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Summer 2015 Legislative Report – Interim

Summer 2015 Legislative Report, Senator Murphy

With the session over and twenty months until the next one, legislators begin the task of learning through a few different methods; Interim Committees – each lawmaker belongs to a couple of them, mine being Energy Development Transmission and Agriculture and Natural Resources. Interim Committees usually meet once every three months or so, but my energy committee meets more than the rest, every month and usually for two days each. Another way to learn includes attending national legislative organization conventions. There are two of these major nonpartisan groups, NCSL (National Council of State Legislators) and CSG (Council of State Governments). Both are good and plan their conventions, both regional and national, around topics important at the state level as you would expect. Yet another way we learn is to be appointed to special committees as I have the past three years in regards to the Consensus Council’s International Legislators Forum. What follows is a quick synopsis of one important topic from this year’s held in Deadwood.

Grandiose in name, the International Forum is called that because we USA legislators from Minnesota, ND and SD partner with legislators from mostly Manitoba, but some from Ontario and Saskatchewan in Canada. This year we spent a day on Missouri river issues (usually it is all about waters shared with Canadians like the Mouse/Souris and the Red) along with workforce issues (Day Care and Early Childhood Education were the focus) and Transportation. Today I would like to share with you some information from the transportation agenda, notably trucking. In District 20 where we live, trucking is big business. Trucks are a constant in our lives here in the Red River Valley and it is safe to say our lives and standard of living would be quite different without the services they provide. For the purposes of this report from Deadwood, trucking was discussed in terms of international trade and centered on fixing some of the inefficiencies that hamper our truck trade with Canada. You may know that Canada is by far our biggest trading partner (not China) and that of the largest ten ports of entry (POE’s) between the USA and Canada, two are located in ND, none in Minnesota. Emerson/Pembina at about $18.4 billion in 2012, Portal at about $11.3 billion.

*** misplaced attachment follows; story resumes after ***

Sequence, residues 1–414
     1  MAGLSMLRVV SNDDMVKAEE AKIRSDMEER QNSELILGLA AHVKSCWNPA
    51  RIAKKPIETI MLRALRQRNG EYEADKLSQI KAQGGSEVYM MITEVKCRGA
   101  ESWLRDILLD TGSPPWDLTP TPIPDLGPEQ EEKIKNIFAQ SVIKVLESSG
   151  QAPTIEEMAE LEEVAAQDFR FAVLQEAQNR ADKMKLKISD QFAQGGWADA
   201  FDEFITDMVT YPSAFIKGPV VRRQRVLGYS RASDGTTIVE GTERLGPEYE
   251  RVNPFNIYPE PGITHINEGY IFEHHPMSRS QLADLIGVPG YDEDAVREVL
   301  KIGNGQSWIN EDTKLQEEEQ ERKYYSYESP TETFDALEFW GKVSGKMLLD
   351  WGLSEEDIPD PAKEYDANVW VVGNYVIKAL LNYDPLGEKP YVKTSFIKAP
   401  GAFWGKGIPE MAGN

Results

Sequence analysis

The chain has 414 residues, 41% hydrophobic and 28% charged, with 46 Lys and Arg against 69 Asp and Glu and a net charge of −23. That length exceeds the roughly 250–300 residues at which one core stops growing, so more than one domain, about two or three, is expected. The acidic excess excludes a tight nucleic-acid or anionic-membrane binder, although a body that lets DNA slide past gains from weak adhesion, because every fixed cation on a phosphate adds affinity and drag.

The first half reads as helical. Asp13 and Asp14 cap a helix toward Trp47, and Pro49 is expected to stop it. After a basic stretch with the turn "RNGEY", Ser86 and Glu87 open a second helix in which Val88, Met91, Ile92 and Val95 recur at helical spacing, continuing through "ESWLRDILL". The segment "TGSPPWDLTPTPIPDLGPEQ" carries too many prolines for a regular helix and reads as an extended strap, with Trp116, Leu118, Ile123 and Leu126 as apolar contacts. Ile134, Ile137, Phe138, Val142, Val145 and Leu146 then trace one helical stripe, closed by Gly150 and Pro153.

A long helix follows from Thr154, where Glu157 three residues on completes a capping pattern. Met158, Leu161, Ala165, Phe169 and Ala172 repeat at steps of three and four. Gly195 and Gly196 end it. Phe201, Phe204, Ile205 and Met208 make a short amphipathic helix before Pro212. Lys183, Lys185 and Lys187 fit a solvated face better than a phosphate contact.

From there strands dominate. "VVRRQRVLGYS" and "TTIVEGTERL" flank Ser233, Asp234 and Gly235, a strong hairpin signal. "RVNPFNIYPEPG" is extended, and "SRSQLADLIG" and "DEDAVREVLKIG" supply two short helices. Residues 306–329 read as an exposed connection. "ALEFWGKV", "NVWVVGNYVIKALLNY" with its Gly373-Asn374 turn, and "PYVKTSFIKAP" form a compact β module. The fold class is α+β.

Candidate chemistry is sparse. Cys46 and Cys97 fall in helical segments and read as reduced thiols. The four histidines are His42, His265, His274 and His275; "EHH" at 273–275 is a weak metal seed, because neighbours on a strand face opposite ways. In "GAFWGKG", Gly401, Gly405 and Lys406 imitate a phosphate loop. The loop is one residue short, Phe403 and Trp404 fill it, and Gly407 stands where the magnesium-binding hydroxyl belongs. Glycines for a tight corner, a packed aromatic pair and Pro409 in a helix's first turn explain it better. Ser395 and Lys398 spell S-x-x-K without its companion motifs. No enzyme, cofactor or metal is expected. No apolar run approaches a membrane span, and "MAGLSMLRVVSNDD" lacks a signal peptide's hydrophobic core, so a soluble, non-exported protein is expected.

We were addressed by a transportation expert out of the Manitoba Department of Infrastructure and Transportation in Winnipeg, Dr. David Lettner. In essence, he explained that problems of processing trucks crossing the border resulted in too many delays. Costs for running a truck average about $200/hr. and delays farther downstream in the supply chain exacerbate costs such as in the auto manufacturing business where delays will run you around $13,000 a minute. So he talked about a project to improve our Pembina POE that will vastly improve our speeds through the bottleneck. It started with a study in 2010 and that was completed in 2012. For this project which includes two nations and their many subsets of governments, there are at least eight entities which have to come together (both nations’ border patrols, NDDOT, Manitoba’s counterpart, our Federal Highway Admin. and Canada’s counterpart, to name some). At least 6-10 years are needed, but soon, if I remember correctly 2018, about 99% of trucks should be moving through that POE without significant delay. Good news for us and our truckers. I will write soon about my first EDT committee meeting which just concluded in Williston and Watford City.

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